I will try and compromise. I will try to exist in a place where you’re all that I think about becomes something romantic, endearing, and speaks volumes about my ability to commit and to absorb. It doesn’t all have to be bad. I don’t have to punish myself for my ability to feel, to overfeel. I can learn how to reel in some things, not let every experience and interaction become all-consuming, but I don’t have to stop. Let yourself obsess sometimes , Eric .
Now I take medication. I run a few times a week. I do breathing exercises. I surround myself with good, patient friends. I try to set up healthy boundaries so I don’t fall into traps with alluring people. I try not to judge the thoughts as they come in. Don’t get mad at yourself. It’s okay that you’re thinking about him. If you need to do that right now, that’s fine. Eventually you’ll stop. If you resist, you’ll just think of him more . Then I tell myself that, while there are things I can work on, things I should work on, it is okay to be a lot .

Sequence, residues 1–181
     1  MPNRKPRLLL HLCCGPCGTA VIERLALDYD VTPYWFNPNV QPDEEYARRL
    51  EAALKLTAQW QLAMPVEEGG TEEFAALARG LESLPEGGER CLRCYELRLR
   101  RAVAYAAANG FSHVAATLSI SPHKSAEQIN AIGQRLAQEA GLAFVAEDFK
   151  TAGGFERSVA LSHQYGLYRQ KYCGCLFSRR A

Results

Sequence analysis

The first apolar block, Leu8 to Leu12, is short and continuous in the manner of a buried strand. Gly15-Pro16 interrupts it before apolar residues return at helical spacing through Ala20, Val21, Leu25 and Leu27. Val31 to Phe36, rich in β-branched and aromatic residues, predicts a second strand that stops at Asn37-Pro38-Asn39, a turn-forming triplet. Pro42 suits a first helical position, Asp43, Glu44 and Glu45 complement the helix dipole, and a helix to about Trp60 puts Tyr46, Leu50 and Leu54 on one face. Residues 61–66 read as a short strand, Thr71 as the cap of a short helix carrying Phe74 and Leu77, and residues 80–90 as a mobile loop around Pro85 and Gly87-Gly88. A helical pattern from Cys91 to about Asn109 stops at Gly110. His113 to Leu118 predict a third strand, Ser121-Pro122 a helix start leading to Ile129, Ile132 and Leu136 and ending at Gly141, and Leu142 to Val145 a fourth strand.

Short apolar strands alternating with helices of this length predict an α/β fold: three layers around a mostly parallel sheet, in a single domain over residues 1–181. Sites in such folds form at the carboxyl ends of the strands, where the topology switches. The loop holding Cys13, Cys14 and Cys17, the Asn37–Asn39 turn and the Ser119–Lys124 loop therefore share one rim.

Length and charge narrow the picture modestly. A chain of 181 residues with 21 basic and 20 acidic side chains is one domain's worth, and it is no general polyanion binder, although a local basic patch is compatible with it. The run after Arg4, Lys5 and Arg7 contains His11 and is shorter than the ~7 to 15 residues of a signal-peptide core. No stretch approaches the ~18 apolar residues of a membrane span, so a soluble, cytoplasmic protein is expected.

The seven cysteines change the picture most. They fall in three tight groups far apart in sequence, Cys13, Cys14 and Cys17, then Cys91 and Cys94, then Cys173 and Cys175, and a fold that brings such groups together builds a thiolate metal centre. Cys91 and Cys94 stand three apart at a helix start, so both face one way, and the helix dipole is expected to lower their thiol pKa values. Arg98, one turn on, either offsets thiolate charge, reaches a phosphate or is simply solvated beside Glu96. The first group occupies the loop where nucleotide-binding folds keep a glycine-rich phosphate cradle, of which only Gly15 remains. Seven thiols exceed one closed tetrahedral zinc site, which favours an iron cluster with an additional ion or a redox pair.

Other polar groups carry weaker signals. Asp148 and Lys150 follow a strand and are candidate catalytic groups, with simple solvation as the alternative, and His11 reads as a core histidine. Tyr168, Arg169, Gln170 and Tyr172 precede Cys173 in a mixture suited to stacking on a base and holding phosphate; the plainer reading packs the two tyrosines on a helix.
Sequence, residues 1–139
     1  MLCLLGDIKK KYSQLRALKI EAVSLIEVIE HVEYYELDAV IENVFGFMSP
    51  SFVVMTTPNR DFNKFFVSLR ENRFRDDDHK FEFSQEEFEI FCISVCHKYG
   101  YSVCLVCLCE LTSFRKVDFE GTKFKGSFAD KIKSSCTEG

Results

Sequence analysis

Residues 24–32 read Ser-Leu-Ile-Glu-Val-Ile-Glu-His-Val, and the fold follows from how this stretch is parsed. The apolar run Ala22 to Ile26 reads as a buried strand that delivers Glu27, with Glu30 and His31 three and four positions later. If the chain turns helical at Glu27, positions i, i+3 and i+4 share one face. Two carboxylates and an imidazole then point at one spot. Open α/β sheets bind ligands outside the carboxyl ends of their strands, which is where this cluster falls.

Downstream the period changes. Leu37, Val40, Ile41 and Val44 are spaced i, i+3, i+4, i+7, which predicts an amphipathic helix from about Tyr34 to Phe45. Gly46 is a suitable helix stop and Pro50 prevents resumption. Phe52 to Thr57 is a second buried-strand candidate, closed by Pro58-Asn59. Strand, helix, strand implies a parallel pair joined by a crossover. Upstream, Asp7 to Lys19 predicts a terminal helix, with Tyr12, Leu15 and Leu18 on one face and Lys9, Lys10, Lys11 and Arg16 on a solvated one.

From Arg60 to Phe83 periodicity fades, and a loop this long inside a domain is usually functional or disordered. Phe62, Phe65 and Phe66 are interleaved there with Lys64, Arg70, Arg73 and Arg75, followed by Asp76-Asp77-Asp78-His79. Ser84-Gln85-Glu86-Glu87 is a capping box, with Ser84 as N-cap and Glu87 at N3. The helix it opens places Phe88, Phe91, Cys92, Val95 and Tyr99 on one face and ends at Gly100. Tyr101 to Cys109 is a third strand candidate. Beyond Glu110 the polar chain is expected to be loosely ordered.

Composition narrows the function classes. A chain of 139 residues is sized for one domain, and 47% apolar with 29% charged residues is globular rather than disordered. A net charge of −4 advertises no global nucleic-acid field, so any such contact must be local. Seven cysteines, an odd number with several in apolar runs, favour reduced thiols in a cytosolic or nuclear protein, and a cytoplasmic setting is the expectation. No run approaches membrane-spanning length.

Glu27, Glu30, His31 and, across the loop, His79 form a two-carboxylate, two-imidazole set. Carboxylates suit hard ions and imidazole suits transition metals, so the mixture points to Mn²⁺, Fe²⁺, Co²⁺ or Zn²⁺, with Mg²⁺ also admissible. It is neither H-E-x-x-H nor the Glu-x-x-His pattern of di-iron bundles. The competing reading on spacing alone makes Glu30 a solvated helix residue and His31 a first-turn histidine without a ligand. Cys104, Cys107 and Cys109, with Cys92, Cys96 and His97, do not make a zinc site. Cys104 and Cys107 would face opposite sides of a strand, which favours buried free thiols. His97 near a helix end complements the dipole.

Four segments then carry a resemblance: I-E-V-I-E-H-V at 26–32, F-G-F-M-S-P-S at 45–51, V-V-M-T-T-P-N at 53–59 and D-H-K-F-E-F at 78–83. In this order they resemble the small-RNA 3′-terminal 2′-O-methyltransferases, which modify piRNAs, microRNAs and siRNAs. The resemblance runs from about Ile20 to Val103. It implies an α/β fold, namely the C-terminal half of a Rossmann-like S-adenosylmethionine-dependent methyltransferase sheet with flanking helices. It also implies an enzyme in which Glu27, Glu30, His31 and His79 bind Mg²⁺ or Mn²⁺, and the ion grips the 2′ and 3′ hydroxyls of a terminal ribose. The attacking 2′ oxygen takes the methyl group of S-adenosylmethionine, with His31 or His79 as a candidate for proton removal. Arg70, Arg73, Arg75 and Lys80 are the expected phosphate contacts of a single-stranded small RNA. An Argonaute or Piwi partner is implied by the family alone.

Shortly after my diagnosis, my mom, who exhibits several of the same behaviors, shared something with me. It was something my grandfather had told her. It had to do with the way that I would experience the world, experience relationships. “You’re going to be in pain,” she began.
And I am in pain. I am often drowning in silly preoccupations. I am often profoundly ruined by an episode of television that I thought would just be an episode of television. I am often in love with an actor who was good in this movie I watched last week, even making a Google Alert page because I need to know what he is up to, always.
“But you’re also going to enjoy things, appreciate them more,” my mom told me.
And I do. On the show, Rebecca’s life is colorful. She often operates in a place that, as an outsider, could only be seen as delusional. But her delusions are nice. Her delusions are a big musical number in France, at a yoga studio, on a plane. It is nice to know I can similarly be wrapped up in something or someone. It is nice to know that what means little to some can be something that makes my day. And it can be nice to get lost, to fully give myself over to the feels, to be compassionate and filled with overwhelming desire. Sure, it often hurts, getting lost in those feelings, but it makes it that much more special when I am found. When someone lets me give my whole self. When they give themselves back to me.